Soapbox

Aliso Canyon facility is needed to keep power on

Crews work last December to stop a leak at a relief well at the Aliso Canyon natural gas storage facility above the Porter Ranch area of Los Angeles.
Crews work last December to stop a leak at a relief well at the Aliso Canyon natural gas storage facility above the Porter Ranch area of Los Angeles. Associated Press file

A recent commentary by Porter Ranch resident Matt Pakucko is filled with misinformation (“State must close Aliso Canyon permanently,” Viewpoints, Aug. 2).

For the record, the importance of bringing the Aliso Canyon natural gas storage facility back online to support reliability for the rest of this summer and for the winter heating season has not been overstated. The state study that was referenced was a joint effort based on historical electricity demand.

The article fails to appreciate the careful coordination among California’s energy providers, the California Independent System Operator and Los Angeles Department of Water and Power, as well as conservation by consumers, in preventing disruptions to our region’s energy systems earlier this summer.

Fortunately, Southern California has not experienced blackouts, but there have been strains on our system. We have managed our system through two curtailment watches and one localized curtailment in San Diego. And we still have two of the hottest months of the year in front of us.

We must also turn our focus to the winter, when peak demands for natural gas are highest. Withdrawals from Aliso did help meet demand last winter. Without Aliso Canyon, the ability of Southern California Gas Co. to meet demand is reduced, increasing the risk of natural gas curtailments for the entire region and potentially affecting electric generators, hospitals, manufacturers, refineries and other large users.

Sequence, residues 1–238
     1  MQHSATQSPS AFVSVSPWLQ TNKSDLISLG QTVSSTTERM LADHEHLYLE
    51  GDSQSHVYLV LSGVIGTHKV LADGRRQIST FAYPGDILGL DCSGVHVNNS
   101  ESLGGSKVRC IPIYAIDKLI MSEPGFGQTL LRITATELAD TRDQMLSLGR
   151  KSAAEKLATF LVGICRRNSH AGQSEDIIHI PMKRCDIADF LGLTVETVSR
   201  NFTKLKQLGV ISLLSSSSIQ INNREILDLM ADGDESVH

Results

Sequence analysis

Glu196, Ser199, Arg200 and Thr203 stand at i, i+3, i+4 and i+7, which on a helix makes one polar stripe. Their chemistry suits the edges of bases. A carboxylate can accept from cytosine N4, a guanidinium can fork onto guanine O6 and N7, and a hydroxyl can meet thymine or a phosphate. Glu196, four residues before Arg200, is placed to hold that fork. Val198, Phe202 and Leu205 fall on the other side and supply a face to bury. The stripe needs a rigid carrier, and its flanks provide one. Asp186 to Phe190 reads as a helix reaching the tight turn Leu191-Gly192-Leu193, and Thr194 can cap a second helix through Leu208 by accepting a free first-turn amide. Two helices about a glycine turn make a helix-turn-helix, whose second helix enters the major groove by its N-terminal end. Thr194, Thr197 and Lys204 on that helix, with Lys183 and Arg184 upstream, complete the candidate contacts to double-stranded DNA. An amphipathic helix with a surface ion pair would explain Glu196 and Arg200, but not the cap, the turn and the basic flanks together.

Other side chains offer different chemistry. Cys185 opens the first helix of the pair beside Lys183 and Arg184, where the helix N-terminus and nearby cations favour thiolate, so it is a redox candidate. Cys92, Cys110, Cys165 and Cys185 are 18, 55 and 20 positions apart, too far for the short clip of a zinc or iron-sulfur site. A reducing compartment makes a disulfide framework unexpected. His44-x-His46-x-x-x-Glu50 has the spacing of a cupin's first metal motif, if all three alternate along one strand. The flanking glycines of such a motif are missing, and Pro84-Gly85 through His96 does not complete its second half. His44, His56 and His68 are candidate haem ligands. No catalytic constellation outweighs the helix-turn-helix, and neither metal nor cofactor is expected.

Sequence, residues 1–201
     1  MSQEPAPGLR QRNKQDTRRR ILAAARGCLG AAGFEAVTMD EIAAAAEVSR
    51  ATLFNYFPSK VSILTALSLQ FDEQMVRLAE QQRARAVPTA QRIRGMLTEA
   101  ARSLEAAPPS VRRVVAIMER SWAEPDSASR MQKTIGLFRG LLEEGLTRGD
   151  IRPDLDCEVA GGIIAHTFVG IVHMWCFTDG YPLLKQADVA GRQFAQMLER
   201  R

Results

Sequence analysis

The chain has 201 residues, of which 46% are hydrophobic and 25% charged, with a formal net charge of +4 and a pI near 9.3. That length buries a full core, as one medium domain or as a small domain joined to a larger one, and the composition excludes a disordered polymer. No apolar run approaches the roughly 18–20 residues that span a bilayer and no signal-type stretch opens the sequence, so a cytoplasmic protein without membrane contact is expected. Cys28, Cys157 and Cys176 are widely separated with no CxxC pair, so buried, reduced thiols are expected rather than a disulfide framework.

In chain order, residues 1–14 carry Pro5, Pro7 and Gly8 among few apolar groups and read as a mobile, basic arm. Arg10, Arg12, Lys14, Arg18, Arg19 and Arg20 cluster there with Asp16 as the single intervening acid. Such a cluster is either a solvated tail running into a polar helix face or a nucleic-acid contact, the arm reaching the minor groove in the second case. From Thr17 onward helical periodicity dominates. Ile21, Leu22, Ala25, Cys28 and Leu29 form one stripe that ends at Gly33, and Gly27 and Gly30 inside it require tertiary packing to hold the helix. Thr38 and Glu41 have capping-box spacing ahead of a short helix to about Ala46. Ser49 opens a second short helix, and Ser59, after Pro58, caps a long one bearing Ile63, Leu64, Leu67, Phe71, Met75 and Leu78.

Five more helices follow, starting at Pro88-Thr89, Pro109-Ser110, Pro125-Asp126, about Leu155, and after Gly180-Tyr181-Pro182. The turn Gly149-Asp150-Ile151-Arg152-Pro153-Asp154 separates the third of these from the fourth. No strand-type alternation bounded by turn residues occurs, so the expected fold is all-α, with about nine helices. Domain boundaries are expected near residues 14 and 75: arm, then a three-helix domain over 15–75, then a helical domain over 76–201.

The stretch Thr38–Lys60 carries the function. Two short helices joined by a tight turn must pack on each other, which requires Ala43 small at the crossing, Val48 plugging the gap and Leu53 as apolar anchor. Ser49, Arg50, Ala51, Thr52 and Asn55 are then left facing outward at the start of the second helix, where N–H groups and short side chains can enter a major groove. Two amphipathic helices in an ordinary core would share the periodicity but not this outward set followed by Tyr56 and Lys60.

SoCalGas is working diligently to restore operations at Aliso Canyon by late summer, in compliance with all new regulations and state law.

All wells have completed the first phase of required testing; 17 have completed all tests and been approved by the state Division of Oil, Gas and Geothermal Resources. Many have been temporarily idled in a safe condition until phase two testing can be completed. This is a step required by the state and does not mean the wells are unsafe or will not pass future inspections.

We remain committed to supporting forward-looking regulatory policies for natural gas storage facilities and continue our efforts to deliver reliable energy to Southern California.

Bret Lane is chief operating officer for Southern California Gas Co. He can be contacted at JLane@semprautilities.com.

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